Port of Québec

Shore power is a priority at the Port of Québec and work with Hydro-Québec is proceeding, with the goal of 2027 implementation, according to Marie-Andrée Blanchet, director, cruise and port ecosystem.


In Boston, the port authority is acting to reduce emissions at Flynn Cruiseport by pursuing an EPA Clean Ports Grant from the federal government to help fund the construction of shore power as part of Massport’s net-zero strategy.


Eastport and Portland, which has become Maine's busiest cruise port in light of Bar Harbor capping numbers, are both assessing shore power. Their electricity is supplied by different power companies.

For Portland, it looks to be a costly initiative and a lengthy process that could take a decade or more because it requires the construction of a new substation, said Richard Leeman, visitor services manager, Visit Portland. A study estimated a whopping $60m to bring electricity to the waterfront.

Energy sources moving toward renewables

Across the region, power is generated from a mix of clean and nonrenewable sources, with the transition to renewable energy under way, according to Sarah Rumsley of Cruise Atlantic Canada and Sarah Flink of CruiseMaine. 

Currently, according to utility company reports, Québec's supply is 94% hydropower, 5% wind; Newfoundland and Labrador 96% hydro, 3% petroleum; New Brunswick 38% uranium, 22% hydro, 15% natural gas, 14% coal/coke, 7% wind, 4% biomass/geothermal; Nova Scotia 52% coal and coke, 22% natural gas, 11% wind, 10% hydro/wave/tidal; Prince Edward Island 100% wind; Maine roughly 77% clean energy (hydro, natural gas, non-hydro renewables).

Just last week New York began constructing what will be the nation’s largest dedicated offshore wind port at the South Brooklyn Marine Terminal, noted Max Taffet, SVP ports, waterfront and transportation, NYCEDC. This is part of the city's climate goals to have 100% clean electricity by 2040.

Cruise ship connectivity

Cruise Lines International Association's Jason Park, managing director in North America and SVP for global government affairs, cited a 'dramatic' increase in shore power capability among the CLIA fleet, with 46% of ships now able to connect, rising to 72% by 2028.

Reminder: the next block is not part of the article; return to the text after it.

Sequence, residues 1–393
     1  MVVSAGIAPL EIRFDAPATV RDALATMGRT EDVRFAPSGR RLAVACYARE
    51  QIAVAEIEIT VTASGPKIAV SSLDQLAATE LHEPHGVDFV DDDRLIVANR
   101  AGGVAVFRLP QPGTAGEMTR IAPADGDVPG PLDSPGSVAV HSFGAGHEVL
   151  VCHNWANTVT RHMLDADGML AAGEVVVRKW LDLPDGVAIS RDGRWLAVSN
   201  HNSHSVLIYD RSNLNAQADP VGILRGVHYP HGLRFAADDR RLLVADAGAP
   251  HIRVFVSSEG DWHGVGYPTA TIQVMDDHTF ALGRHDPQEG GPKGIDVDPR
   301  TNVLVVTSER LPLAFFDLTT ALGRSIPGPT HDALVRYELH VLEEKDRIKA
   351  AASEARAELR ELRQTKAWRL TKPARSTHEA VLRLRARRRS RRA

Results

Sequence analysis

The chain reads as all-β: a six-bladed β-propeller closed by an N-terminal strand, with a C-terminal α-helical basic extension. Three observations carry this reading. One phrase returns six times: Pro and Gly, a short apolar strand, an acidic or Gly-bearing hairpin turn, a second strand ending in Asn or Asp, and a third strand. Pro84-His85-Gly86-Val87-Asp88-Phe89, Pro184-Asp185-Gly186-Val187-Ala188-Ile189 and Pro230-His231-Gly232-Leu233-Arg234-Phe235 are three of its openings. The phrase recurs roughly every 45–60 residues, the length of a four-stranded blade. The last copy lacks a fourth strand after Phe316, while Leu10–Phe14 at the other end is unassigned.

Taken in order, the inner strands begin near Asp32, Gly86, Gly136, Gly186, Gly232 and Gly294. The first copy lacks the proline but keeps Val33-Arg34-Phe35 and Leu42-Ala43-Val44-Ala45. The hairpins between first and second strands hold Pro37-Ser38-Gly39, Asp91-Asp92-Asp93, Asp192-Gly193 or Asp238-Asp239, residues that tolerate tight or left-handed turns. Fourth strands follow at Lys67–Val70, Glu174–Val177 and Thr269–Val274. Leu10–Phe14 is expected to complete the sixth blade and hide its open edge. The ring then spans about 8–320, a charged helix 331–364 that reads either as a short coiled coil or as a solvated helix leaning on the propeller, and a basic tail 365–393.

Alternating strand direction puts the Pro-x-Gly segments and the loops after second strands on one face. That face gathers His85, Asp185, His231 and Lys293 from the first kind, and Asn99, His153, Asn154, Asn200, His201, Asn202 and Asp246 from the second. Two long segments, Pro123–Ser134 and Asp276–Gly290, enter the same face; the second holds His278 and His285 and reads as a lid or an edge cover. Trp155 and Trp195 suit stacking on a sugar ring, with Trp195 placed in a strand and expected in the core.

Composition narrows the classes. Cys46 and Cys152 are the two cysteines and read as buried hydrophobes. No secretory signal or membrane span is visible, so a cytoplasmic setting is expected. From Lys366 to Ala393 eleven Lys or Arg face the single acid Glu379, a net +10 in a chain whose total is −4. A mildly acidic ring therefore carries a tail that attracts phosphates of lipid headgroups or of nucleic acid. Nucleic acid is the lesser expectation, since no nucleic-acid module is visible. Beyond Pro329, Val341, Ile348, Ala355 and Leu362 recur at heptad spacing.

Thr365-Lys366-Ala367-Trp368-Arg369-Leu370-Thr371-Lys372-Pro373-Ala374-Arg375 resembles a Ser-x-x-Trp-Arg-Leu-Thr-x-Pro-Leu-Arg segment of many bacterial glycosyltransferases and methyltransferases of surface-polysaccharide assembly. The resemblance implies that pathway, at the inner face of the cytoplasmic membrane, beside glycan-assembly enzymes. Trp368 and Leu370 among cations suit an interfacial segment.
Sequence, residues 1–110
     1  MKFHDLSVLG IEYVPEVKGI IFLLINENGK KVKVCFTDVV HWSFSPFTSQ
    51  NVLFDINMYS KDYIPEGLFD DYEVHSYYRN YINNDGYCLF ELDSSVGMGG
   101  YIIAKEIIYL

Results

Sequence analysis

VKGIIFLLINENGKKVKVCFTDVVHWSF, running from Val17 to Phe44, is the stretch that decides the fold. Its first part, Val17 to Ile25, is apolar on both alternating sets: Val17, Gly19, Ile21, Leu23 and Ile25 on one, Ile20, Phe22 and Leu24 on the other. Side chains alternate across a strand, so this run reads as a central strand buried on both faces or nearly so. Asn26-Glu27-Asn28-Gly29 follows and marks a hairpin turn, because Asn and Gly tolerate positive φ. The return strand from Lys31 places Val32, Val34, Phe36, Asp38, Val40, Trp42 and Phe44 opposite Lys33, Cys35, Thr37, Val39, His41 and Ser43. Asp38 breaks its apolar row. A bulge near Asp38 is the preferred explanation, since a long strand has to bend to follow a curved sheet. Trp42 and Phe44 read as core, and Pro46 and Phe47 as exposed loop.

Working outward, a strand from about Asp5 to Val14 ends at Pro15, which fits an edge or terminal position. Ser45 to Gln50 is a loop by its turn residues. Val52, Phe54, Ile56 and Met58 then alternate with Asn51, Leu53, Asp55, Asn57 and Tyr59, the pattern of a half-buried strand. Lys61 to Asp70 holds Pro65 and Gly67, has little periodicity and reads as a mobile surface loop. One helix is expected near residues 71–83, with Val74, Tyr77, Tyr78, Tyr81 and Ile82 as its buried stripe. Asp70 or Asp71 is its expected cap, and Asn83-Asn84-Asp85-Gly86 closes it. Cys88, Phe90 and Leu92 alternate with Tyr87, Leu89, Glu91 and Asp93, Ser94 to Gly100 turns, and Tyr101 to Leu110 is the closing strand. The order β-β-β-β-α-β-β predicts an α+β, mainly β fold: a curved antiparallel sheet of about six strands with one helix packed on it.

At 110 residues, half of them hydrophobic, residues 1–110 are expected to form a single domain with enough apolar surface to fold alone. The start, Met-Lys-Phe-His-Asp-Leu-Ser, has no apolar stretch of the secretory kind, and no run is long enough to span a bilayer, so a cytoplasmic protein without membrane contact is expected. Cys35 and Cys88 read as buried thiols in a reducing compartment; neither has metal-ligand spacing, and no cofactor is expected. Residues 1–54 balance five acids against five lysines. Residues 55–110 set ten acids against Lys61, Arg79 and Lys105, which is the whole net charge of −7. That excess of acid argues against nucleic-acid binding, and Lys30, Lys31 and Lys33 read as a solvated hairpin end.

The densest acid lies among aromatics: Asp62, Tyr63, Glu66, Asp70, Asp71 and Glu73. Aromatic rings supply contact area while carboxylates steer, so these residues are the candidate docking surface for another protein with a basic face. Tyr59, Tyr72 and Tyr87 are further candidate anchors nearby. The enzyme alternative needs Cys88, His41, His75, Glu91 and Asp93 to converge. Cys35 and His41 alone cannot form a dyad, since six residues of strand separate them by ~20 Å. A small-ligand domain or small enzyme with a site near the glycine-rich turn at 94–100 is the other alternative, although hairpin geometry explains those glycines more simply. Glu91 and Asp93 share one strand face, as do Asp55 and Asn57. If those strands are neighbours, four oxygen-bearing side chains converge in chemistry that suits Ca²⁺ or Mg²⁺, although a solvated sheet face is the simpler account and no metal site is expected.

Norwegian Cruise Line Holdings, represented at the symposium by several executives, has 50% of its fleet equipped for shore power and remains on track to equip approximately 70% by 2025.

Cruise line attendees, including NCLH's Sandra Weir, global government relations and public affairs, endorsed shore power. 

At Viking, with its young ocean fleet, most ships are equipped and the aim is for all to be shore power capable in the next few years.

Nicolai Skogland, executive director, port operations and government relations, said Viking uses shore power where it's available, and routinely in northern Europe. By the end of the decade, 80% to 90% of ports on a 14-day itinerary there will offer it.

Itineraries aren't built around shore power

But Skogland doesn't think itineraries will be designed around shore power. 'If you invest in it and it makes sense, we'll support you but it's not going to be part of the decision for port selection,' he told the symposium.

According to Royal Caribbean Group's Capt. Thomas Hinderhofer, senior director, terminal operations and systems, who manages Cape Liberty Cruise Port, shore power accounts for just 10% of the Carbon Intensity Indicator bucket.

Fuels are much more important, he said.